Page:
Do we then change jobs or move on to another company? Why change seats on board the Titanic? The key to career fulfillment and success lies within you. It is up to you to find out where your passion lies and how you can become successful no matter where you are.

In spite of having a degree of success at your job, even at the executive level, there may be times when you may experience dissatisfaction or emptiness. This happens when you come to a mid-career point, a life transition or crisis, or when a promotion does not materialize. You begin to ask yourself if there truly is meaning in the work that you do.

Earlier in your career life, career choices were probably easier to make as it was clearer which options were advantageous. At that point in time, you probably plotted your ascent up the corporate ladder and went after career enhancing goals.

However, by the time you reach mid-career, the ladder has moved quite a bit. With flatter organizational structuring, it can be challenging to know how to make the right career moves.
Dr. Maynard Brusman
Consulting Psychologist & Executive Coach
Trusted Leadership Advisor
Emotional intelligence and Mindful Leadership Consultant
San Francisco Bay Area and Beyond!

mbrusman@workingresources.com
415-546-1252

I coach emotionally intelligent and mindful leaders to cultivate trust and full engagement in a purpose-driven culture who produce results.

     

Jump-start Your Leadership and Team Perf...

Jump-start Your Leadership and Team Performance

Executives, leaders, and managers are facing tough decisions as we return to work. Newly appointed and seasoned leaders must assess their teams, find the gaps, and fill open positions. Adding to the complexity is the critical task of identifying those who would be better served in a different capacity, often times outside the team or organization. This requires an intricate balance of confidence and humility, as well as skillful communication.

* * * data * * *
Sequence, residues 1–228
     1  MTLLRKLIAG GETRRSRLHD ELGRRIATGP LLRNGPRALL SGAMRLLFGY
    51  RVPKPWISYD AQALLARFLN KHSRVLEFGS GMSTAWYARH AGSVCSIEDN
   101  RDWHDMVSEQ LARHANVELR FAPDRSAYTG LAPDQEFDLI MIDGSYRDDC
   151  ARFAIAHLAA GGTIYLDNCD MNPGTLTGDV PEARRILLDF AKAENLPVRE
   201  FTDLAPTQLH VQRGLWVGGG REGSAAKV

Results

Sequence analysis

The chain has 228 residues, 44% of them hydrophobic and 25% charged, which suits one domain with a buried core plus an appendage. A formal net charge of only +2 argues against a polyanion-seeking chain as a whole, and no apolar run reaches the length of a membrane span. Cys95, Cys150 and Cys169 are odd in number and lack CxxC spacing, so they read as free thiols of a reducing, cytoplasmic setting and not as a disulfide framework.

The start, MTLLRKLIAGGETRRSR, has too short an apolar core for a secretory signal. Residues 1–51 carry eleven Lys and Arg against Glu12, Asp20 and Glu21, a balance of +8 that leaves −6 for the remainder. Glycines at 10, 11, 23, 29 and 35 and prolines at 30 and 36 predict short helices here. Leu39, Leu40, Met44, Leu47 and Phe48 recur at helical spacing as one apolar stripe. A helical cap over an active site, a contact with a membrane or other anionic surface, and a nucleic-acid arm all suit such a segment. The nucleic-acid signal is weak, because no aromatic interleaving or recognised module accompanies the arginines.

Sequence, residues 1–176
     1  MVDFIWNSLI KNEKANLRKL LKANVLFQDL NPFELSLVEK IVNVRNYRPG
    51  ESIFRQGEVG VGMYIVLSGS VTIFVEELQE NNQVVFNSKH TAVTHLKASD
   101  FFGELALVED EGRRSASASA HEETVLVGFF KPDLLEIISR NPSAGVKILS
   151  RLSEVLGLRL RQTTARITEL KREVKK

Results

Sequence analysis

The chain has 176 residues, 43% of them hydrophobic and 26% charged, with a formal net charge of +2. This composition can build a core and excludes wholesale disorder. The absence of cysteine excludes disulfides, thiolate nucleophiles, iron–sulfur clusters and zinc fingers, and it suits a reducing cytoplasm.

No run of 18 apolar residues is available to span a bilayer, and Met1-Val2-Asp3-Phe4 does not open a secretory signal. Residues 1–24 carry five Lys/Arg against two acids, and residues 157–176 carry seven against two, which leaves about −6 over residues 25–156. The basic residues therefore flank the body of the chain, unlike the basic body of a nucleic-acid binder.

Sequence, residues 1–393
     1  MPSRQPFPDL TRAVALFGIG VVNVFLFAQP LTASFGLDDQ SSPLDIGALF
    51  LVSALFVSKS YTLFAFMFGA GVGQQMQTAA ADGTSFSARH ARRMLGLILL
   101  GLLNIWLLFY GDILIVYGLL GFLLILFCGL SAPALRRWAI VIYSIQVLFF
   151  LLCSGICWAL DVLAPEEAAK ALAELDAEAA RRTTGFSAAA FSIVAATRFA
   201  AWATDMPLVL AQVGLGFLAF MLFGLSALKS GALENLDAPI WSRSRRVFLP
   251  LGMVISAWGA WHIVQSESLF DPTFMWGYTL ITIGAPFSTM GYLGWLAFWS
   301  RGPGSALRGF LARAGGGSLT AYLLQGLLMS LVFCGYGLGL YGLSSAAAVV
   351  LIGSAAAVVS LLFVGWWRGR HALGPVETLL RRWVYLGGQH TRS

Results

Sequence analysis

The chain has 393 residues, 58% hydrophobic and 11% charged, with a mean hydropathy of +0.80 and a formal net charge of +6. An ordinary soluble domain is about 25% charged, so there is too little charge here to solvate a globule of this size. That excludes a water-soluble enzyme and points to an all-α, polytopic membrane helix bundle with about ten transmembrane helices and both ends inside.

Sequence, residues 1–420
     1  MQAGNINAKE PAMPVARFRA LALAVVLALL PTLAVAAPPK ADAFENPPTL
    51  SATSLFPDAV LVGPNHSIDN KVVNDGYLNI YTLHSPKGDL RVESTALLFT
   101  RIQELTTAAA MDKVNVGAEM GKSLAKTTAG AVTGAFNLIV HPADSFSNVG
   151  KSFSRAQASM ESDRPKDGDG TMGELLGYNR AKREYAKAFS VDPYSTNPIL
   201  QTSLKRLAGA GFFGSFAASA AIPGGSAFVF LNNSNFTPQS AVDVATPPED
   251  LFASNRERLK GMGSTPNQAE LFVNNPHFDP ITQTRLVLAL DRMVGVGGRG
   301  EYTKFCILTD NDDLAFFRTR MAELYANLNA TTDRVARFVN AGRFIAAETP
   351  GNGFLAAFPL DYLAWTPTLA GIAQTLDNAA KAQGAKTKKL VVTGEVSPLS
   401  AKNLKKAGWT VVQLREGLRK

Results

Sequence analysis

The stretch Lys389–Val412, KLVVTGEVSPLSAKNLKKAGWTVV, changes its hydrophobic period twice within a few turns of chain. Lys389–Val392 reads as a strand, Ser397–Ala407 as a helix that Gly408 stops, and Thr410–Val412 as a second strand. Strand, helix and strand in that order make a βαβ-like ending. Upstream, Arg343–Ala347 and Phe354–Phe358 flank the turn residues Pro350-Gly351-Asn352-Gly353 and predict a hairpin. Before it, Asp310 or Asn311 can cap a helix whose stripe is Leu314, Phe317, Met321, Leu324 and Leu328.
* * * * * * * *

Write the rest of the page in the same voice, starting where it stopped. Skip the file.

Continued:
The first few weeks are crucial to build trust, learn, and evaluate, even if you are not new to your role. You see, the pandemic has changed us: we’ve adapted and grown, our perspectives have been altered, and for some, our values have shifted.

In a recent Pew Research survey of Americans regarding their experience with the pandemic, almost 90% of the 9,220 who responded reported at least one negative change and 73% have experienced an “unexpected upside.”

According to Pew, “Most have experienced these negative impacts and silver linings simultaneously: Two-thirds (67%) of Americans mentioned at least one negative and at least one positive change since the pandemic began.”

When analyzing the data, they found that Americans were affected in a variety of different ways, both positive and negative, and there was no “typical experience.”

As we return to work, we are returning as a new team. We are new leaders, managers, employees, and teams. By asking the right probing questions and actively listening you can jump-start your leadership and team performance.

Beyond “The Great Resignation”

Typically, after spending an average of four years in their position, 25% of managers change jobs. High potential leaders and executives make a change every 30-36 months. However, according to research by Microsoft, 41% of the entire workforce has or may make a change this year. This includes the 4 million Americans who left their positions in April of 2021 in “The Great Resignation.” With many companies returning to the office in October, it is critical that managers, leaders, and executives assess their teams.

New leadership—managers new to their position—will likely find they’ve got the right people on the bus. However, they may inherit people who are not pulling their own weight, including people who are burned out. Rather than shaking the trees (and losing some good leaves with the bad apples), mindfully gather information to make your evaluations.

Ongoing uncertainty and change impacts team dynamics and habitual ways of working. Managers need to be able to determine temporary inefficiencies from ineffective (or poor) assignments.

Evaluation Criteria

While first impressions are important, they are not enough to effectively evaluate your team members. Other factors should be considered and weighted appropriately. For example, after spending time with each individual, assess for: